Women and the dangers of heart disease





Rating is available when the video has been rented.
This feature is not available right now. Please try again later.
Published on Dec 17, 2009

Cardiovascular disease claims the lives of nearly 500,000 women each year

What you should know:
•Women are at a higher risk than men
•Symptoms are often confused with heartburn
•Preventable if treated early

Related Videos:
•Heart Health videos, http://www.youtube.com/user/CVSPharma...
•Hypertension videos, http://www.youtube.com/user/CVSPharma...
•Cholesterol videos , http://www.youtube.com/user/CVSPharma...

Related Health Articles:
•Heart Attack
If the arteries that feed the heart become narrowed by these plaques, a condition called coronary heart disease, a heart attack may be just around the corner. In up to 50 percent of people who have heart attacks, the attack is the first sign that...Read More: http://bit.ly/bBkx3t
•Eight Important Ways to Protect Your Heart
Want to know how to avoid heart trouble? You can start by asking a nurse. Or, better yet, about 84,000 nurses. A 14-year study of 84,129 nurses -- published in the the New England Journal of Medicine in 2000 -- provides a blueprint for protecting the heart...Read More: http://bit.ly/bGlbtV
•Coronary Heart Disease
The arteries that carry blood to the heart often become clogged, a condition called coronary heart disease or coronary artery disease... Read More: http://bit.ly/cSh1K5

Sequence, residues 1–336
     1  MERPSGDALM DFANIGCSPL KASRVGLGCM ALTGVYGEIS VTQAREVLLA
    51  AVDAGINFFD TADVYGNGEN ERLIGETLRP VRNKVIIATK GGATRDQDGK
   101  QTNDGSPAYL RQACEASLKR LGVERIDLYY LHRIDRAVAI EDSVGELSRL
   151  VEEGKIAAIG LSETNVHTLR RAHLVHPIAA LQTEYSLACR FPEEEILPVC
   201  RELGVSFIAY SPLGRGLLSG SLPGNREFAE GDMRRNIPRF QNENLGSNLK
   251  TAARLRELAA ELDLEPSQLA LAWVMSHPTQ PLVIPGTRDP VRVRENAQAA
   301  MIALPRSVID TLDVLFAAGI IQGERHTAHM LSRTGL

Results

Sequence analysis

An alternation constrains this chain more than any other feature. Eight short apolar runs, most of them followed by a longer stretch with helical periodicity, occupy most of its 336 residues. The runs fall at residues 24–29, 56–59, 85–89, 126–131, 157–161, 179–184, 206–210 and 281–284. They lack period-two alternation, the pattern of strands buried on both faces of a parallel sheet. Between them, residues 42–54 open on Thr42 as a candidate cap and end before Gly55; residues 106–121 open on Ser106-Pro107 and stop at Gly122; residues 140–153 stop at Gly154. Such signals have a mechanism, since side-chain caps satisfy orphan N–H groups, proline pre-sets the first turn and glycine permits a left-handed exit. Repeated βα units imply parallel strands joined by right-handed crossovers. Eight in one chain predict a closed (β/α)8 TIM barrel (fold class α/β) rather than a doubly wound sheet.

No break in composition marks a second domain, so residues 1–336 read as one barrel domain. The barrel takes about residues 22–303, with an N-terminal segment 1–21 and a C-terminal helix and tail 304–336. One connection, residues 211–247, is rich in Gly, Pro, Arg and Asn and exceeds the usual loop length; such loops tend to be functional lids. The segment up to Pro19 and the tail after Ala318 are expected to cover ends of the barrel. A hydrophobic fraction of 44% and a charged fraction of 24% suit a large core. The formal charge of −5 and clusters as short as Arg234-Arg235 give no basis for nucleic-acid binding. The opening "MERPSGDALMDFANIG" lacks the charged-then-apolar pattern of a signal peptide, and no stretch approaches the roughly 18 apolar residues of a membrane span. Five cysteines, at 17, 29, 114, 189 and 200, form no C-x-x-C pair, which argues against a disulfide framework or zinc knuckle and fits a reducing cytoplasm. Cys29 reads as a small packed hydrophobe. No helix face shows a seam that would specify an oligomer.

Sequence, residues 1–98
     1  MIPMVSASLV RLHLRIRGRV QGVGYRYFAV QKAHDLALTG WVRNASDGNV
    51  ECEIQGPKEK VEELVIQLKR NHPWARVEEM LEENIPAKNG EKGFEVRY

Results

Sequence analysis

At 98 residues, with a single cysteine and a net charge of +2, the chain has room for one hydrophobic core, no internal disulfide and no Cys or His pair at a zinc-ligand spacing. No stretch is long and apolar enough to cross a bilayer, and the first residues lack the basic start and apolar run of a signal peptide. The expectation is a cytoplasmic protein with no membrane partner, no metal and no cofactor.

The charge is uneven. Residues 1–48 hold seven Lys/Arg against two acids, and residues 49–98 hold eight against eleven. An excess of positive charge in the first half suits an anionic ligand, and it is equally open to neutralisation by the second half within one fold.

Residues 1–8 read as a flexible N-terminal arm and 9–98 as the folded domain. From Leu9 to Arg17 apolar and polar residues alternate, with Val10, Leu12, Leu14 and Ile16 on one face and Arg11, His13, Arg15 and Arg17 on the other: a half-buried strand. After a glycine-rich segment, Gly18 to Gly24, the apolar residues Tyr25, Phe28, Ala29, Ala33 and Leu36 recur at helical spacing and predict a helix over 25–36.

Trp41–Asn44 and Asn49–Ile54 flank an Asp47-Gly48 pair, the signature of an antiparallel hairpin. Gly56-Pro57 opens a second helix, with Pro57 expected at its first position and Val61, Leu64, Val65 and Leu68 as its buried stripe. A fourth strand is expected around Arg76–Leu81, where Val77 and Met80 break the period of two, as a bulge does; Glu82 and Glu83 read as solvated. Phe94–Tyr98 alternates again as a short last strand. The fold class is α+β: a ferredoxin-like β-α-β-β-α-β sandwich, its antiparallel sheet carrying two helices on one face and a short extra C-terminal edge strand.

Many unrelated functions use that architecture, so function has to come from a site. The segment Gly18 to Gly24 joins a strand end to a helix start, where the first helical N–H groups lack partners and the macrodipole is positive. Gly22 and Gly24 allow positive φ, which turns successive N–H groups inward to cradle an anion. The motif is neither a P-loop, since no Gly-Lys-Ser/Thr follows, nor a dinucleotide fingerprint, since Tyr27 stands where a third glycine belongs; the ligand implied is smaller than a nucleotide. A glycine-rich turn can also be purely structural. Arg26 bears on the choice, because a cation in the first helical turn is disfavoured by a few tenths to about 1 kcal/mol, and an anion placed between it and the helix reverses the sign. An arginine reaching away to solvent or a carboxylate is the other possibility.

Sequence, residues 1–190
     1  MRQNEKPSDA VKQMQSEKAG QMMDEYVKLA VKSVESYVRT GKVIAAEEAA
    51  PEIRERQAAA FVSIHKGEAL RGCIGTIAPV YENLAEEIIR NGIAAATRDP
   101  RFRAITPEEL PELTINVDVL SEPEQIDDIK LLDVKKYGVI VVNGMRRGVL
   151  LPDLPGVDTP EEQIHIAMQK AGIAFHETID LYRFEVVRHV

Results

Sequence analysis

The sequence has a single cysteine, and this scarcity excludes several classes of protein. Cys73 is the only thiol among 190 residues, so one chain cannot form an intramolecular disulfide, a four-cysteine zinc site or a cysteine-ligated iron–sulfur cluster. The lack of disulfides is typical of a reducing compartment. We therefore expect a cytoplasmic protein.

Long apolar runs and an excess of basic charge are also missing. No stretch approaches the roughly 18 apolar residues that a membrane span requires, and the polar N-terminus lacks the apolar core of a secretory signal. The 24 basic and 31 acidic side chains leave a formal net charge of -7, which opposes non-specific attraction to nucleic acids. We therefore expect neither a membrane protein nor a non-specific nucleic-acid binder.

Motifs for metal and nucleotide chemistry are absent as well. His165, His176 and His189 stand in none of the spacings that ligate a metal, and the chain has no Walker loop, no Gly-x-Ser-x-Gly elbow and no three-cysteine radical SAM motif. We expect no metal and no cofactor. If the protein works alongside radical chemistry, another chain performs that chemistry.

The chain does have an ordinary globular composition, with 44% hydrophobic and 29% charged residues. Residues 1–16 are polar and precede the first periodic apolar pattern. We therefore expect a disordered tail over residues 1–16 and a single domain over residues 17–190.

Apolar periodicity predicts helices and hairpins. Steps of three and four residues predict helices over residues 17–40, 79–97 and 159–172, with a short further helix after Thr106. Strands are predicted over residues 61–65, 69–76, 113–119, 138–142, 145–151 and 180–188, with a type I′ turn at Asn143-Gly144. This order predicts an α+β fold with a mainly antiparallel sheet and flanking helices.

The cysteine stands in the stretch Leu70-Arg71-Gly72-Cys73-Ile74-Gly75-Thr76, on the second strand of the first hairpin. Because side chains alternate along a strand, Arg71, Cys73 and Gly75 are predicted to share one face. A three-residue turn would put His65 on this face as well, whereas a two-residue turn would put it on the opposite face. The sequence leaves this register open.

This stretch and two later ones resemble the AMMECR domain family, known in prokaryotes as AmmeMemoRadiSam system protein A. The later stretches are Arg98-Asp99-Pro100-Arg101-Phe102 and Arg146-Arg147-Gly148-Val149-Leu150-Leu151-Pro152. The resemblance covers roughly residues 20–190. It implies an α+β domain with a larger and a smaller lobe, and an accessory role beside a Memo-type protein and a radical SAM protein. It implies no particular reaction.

•Eating to Ward off Heart Disease
Could the right diet help prevent heart disease?... Read More: http://bit.ly/c8FdBb

Related Products:
The following are products sold by CVS/pharmacy that may be of interest to you:
Coromega Healthy Heart Packets, Juicy Orange Flavor $21.99 http://bit.ly/aKwqTO

Hi, I'm Kenisha Carr and I'm a CVS pharmacist. Cardiovascular disease is the number-one killer of women in the United States, claiming the lives of nearly 500,000 women each year. That is more than the number of women who die from all types of cancer combined.
There are many reasons why women are at a higher risk for fatal heart disease than men, such as gender differences, lack of knowledge of the symptoms, and less preventive screening in comparison to men. Although men on average develop heart disease 10 years earlier than women, more women now die of it, primarily because heart disease is most prevalent in the latter decades of life. On average, women live longer than men, thus women ultimately live long enough to succumb to the disease. Women's hearts are also smaller, beat faster, and have finer and more fragile arteries. Also, women experience less severe symptoms than the obvious crushing chest pain men experience during a heart attack. Preceding or during an attack, women may complain of chronic fatigue, indigestion, pain in the back or jaw, and heart palpitations, which can be confused as symptoms for heartburn or mental stress and lead to a delay in medical treatment. Early menopause plays a role in the higher risk. It deprives the body of estrogen's heart-protective benefits. Also, high cholesterol, smoking, high blood pressure, diabetes, and obesity are all causes that can be shared by either gender; there is evidence that they can cause worse consequences for women.
Cardiovascular disease is preventable if it's detected early. However, symptoms are often not noticed, and two-thirds of women who die of a heart attack have no prior symptoms, compared to only half of men. Studies show that doctors are less likely to screen women for their risk of heart disease than men, routinely overlook or discount their symptoms, and treat female patients less aggressively than males.
If you have any questions, talk to your doctor or CVS pharmacist. We're here to help.

Source: CVS Caremark Health Resources

  • Category

  • License

    • Standard YouTube License
Comments are disabled for this video.
When autoplay is enabled, a suggested video will automatically play next.

Up next

to add this to Watch Later

Add to

Loading playlists...